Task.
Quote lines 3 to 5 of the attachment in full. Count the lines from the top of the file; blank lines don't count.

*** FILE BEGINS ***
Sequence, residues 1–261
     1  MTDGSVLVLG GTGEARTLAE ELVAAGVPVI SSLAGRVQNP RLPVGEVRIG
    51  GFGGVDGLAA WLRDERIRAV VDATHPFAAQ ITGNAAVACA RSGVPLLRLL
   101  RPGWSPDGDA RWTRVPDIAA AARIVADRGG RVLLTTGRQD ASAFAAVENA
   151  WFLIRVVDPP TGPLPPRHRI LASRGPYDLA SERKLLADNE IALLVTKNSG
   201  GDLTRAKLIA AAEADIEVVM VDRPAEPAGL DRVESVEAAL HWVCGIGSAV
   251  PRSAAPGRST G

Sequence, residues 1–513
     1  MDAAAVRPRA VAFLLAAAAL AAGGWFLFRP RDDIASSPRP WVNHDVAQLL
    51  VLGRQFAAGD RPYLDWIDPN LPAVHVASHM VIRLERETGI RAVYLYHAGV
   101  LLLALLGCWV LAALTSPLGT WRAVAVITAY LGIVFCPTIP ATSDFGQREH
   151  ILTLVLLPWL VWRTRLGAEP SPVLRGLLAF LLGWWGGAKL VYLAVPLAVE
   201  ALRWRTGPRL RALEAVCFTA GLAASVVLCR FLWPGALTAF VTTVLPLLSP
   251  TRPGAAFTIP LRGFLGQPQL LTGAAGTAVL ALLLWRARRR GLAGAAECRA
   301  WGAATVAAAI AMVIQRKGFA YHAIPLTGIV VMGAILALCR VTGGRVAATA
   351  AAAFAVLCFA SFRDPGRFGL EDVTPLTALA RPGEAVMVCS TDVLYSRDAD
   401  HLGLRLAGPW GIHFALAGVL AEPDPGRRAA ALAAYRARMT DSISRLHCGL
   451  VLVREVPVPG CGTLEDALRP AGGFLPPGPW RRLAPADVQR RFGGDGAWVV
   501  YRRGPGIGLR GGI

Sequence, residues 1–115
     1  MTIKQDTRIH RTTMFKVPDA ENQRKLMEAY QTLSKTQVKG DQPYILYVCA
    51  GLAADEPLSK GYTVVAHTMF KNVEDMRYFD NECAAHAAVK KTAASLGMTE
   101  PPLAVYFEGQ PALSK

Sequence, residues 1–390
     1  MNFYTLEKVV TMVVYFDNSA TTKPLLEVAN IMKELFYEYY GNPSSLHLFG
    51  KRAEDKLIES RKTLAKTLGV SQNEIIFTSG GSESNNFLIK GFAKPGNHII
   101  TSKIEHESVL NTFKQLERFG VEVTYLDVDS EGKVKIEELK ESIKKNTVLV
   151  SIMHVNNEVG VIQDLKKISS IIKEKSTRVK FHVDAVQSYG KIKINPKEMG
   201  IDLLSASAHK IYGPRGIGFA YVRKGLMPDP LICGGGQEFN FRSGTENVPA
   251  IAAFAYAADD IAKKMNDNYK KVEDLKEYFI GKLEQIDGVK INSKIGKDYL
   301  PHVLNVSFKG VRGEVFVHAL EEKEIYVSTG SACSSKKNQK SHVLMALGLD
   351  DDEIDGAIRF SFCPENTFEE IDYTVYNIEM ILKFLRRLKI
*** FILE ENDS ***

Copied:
    51  GFGGVDGLAA WLRDERIRAV VDATHPFAAQ ITGNAAVACA RSGVPLLRLL
   101  RPGWSPDGDA RWTRVPDIAA AARIVADRGG RVLLTTGRQD ASAFAAVENA
   151  WFLIRVVDPP TGPLPPRHRI LASRGPYDLA SERKLLADNE IALLVTKNSG